An optimistic Senate Majority Leader Harry Reid this morning predicted a vote "tonight or tomorrow" on a bill to give emergency loans to ailing Detroit automakers.
Speaking on the Senate floor, Reid said two major issues remain between Democrats and White House negotiators and suggested that a workable solution is only a matter of hours away.
White House press secretary Dana Perino also commented on the measure's progress today, saying, "I think I would just say we're not quite closed down on everything yet, but we're certainly -- we certainly made a lot of good progress over the past several hours. I would characterize the conversations as cooperative in spirit. We're working fast, but we're also wanting to get it right."
Still, Reid's colleague Senate Minority Leader Mitch McConnell offered a starkly different appraisal of the state of the bill, calling it a "deeply flawed" proposal.
McConnell, speaking just after Reid, ticked off several substantive problems he has with the Democratic proposal.
"In short, this proposal is deeply flawed because it fails to assure taxpayers - who rightly expect us to be good stewards of their hard-earned money - that they will not be asked to shell out billions more a few years or even a few months from now," McConnell said.
"This proposal does not go nearly far enough. It holds neither management nor labor truly accountable. And in areas where one side is held accountable, the other side isn't."
White House and congressional negotiators worked until late Monday night to try to resolve their differences on the bill. Congressional staff sent the White House their latest draft around midnight.
"Too early to say, nothing done yet," a senior White House official told ABC News this morning.
Staff for Speaker of the House Nancy Pelosi, D-Calif., said, "We're not that far apart."
Pelosi will speak later this afternoon on the status of the bill. Later this evening, House Democrats will go into a closed caucus meeting where, if there's a final bill drafted, Pelosi and Rep. Barney Frank, D-Mass., will explain the bill and urge colleagues to support it.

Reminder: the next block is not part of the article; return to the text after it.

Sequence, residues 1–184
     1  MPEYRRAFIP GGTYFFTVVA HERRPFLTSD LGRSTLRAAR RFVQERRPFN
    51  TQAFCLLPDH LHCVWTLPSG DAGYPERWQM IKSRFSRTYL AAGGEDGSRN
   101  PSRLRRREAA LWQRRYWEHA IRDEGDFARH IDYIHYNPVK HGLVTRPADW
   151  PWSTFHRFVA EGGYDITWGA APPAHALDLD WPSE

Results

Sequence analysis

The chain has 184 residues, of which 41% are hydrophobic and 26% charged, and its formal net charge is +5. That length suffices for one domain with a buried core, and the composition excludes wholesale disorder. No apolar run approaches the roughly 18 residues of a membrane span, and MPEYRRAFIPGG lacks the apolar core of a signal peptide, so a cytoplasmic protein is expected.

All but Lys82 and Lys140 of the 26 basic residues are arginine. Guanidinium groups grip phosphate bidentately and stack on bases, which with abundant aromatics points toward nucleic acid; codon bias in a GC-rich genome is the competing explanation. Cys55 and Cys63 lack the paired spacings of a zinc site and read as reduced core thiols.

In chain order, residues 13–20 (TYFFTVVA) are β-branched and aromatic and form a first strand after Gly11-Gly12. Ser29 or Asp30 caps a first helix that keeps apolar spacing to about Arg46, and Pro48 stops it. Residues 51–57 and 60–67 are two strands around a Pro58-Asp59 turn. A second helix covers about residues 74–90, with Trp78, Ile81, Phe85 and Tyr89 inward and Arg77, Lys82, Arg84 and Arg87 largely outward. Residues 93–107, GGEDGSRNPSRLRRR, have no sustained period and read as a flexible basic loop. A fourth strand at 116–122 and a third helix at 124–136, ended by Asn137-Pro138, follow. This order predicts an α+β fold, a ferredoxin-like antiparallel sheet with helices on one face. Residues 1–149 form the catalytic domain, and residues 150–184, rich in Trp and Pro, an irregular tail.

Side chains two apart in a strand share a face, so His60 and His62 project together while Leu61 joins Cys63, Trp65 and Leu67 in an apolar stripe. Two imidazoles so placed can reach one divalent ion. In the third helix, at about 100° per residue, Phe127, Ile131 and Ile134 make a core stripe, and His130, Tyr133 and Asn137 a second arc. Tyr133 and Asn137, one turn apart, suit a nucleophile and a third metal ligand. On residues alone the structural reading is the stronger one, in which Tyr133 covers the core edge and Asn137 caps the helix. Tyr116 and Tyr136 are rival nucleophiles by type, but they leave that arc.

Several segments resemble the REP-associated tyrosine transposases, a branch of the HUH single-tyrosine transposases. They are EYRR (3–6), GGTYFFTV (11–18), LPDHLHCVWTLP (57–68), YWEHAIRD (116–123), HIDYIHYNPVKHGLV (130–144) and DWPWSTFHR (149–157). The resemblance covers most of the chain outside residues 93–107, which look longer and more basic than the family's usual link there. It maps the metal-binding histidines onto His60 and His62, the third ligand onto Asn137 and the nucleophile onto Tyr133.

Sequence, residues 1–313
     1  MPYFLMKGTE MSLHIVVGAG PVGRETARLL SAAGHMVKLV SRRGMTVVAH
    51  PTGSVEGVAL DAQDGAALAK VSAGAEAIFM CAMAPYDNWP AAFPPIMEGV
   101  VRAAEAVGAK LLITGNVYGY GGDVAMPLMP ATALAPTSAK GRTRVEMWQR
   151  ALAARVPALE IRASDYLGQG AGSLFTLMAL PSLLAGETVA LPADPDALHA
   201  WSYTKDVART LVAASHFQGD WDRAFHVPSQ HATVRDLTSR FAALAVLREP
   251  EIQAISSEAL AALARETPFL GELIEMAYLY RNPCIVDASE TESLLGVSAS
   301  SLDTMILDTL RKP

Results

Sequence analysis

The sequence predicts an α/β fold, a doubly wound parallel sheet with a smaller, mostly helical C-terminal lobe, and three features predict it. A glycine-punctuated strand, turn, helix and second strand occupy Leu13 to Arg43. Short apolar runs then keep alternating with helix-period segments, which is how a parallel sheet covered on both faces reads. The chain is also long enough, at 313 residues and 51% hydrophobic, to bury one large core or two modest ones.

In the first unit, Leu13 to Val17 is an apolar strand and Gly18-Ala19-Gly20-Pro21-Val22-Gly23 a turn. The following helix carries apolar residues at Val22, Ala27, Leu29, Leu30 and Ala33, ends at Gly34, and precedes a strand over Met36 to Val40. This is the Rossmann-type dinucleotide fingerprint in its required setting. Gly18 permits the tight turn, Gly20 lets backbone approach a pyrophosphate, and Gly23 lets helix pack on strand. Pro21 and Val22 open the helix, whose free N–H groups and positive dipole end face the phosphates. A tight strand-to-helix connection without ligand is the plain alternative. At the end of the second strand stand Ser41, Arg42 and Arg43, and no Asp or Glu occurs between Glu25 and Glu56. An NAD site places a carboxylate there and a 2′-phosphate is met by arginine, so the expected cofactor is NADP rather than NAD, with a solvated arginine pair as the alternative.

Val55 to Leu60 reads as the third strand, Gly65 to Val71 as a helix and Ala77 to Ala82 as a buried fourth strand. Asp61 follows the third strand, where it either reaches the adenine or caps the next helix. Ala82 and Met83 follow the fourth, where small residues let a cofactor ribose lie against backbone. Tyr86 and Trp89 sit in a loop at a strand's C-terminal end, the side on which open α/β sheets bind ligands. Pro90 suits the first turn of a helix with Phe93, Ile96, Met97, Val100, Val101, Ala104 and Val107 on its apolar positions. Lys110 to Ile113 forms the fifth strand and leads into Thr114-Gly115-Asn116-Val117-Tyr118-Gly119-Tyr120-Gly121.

A vote on the measure intended to keep America's major automakers in business through the winter could happen as early as Wednesday. It's unclear whether the House or Senate will vote on the bill first.
The draft bill, first sent to the White House Monday, would call on President Bush to select one or more people within the executive branch to authorize, disperse and oversee a loan for the auto industry. Congress and the White House have been hashing out a plan to give General Motors and Chrysler a total, short-term infusion of about $15 billion in low-interest loans to stay afloat in the months ahead.
GM CEO Rick Wagoner told lawmakers last week that without an infusion of $4 billion in taxpayer loans before the end of the year, the company would go bankrupt and have to be liquidated.
Ford has also requested loans but negotiators have determined the company will not receive funding at this point.
Meanwhile, despite Perino saying Monday morning that a deal was "very likely" by the end of the day, getting the key players to agree on the details of the measure remains tricky. Negotiators are working to iron out the oversight and conditions that would be imposed on the automakers.
The White House demanded three key changes to the measure Monday night.